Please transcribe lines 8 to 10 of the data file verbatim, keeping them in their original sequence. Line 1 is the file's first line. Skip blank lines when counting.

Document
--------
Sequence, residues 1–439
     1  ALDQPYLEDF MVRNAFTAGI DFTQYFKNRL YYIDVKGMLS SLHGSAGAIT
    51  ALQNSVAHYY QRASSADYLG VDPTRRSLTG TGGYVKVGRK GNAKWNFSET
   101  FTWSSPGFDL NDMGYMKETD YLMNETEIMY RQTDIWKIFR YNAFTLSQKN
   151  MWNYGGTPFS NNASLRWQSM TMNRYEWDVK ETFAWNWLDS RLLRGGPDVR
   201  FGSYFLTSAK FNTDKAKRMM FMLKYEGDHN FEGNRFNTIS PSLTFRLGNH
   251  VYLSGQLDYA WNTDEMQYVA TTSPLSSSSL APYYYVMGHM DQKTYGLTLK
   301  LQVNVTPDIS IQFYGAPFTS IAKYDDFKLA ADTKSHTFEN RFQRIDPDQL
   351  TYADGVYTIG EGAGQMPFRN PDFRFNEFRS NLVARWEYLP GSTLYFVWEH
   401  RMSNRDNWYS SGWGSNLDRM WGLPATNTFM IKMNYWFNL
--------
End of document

   301  LQVNVTPDIS IQFYGAPFTS IAKYDDFKLA ADTKSHTFEN RFQRIDPDQL
   351  TYADGVYTIG EGAGQMPFRN PDFRFNEFRS NLVARWEYLP GSTLYFVWEH
   401  RMSNRDNWYS SGWGSNLDRM WGLPATNTFM IKMNYWFNL